The next sequence in the process is to isolate the electronic devices electrically by singulating them into individual electronic devices and then testing them.
Currently, IC chips are often tested and marked individually after singulation. The testing and marking process is difficult and delicate if a typical method of testing the electrical characteristics of the electronic devices after they are formed is used. Such a typical test requires physical contact with the device's individual input and output leads or signal paths. There is a need to reduce processing time and costs by minimizing the individual handling of singulated electronic devices.
The physical contact required for testing generally comprises contacting a plurality of individual balls or pads on an electronic device with a plurality of test contacts housed in the test contactor housing. The test contacts are usually fabricated from metal material and reside in vias that extend into the contactor housing. The test contacts may be biased by a spring mechanism. The test contacts are each in electrical contact with a device interface board within the contactor housing, which directs electrical test signals to the electronic device. The test contacts extend out of the contactor housing vias to contact the electronic device's balls or pads.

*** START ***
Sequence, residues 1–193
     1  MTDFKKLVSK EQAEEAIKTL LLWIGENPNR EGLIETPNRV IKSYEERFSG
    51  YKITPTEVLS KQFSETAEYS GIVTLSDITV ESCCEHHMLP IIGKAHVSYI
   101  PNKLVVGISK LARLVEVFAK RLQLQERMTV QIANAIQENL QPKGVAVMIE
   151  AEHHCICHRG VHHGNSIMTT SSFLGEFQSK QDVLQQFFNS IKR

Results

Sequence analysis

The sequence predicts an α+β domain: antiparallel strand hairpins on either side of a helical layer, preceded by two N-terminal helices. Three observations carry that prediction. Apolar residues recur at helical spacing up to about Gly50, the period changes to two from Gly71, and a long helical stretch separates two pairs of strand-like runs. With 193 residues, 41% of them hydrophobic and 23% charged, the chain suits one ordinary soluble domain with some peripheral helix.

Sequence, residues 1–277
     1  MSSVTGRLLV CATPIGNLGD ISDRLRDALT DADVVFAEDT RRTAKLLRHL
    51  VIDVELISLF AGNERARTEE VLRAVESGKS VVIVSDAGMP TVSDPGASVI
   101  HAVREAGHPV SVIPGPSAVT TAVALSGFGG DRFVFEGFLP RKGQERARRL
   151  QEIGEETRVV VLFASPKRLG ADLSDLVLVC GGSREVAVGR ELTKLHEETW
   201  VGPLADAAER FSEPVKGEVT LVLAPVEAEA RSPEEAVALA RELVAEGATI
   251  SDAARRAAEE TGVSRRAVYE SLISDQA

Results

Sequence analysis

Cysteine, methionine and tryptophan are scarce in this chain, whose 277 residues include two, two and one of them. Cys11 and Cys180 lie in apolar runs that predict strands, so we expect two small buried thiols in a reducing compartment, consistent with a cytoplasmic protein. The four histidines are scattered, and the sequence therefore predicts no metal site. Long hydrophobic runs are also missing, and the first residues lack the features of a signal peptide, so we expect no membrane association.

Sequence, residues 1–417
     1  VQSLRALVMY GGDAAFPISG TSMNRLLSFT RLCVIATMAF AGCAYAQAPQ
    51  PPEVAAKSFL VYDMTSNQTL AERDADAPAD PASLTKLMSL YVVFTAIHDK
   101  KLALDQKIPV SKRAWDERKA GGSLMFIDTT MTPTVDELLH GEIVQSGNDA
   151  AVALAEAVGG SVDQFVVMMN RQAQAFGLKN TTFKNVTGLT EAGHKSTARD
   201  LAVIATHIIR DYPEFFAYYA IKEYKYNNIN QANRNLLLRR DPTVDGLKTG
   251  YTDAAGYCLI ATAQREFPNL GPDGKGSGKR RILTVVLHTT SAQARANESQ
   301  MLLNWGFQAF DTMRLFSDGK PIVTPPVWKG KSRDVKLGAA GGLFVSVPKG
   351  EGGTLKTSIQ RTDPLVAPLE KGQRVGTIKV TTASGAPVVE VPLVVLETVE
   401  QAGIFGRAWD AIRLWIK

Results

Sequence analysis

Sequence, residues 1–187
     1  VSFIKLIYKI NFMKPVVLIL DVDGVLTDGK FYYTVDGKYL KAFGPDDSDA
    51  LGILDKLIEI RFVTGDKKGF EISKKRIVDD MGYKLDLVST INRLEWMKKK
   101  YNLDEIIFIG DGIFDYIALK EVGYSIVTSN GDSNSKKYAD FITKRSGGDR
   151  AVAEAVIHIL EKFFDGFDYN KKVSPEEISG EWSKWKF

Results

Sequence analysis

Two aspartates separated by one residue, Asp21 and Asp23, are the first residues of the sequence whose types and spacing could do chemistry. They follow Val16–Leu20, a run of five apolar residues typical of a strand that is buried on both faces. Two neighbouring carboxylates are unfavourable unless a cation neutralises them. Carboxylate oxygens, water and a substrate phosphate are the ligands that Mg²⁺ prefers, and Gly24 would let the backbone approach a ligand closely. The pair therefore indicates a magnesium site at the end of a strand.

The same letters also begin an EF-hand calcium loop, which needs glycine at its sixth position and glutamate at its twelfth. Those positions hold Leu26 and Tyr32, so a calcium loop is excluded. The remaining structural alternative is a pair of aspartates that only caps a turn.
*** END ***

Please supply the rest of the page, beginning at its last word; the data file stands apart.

The test is not reliable unless the devices are separated electrically. However, to separate them electrically will require them to be separated physically by sawing or other singulation means. The difficulty is to test the electronic devices individually at the testing stage and to identify each individual device as “failed” or “passed” without slowing down the process. Electronic devices on a tape within a wafer ring can be tested for specific electrical characteristics by sending and/or receiving signals through the test contacts. The electronic devices that fail the test procedure are “mapped” such that when an array of devices is diced, the failed electronic devices will not be picked up for packing and can be culled.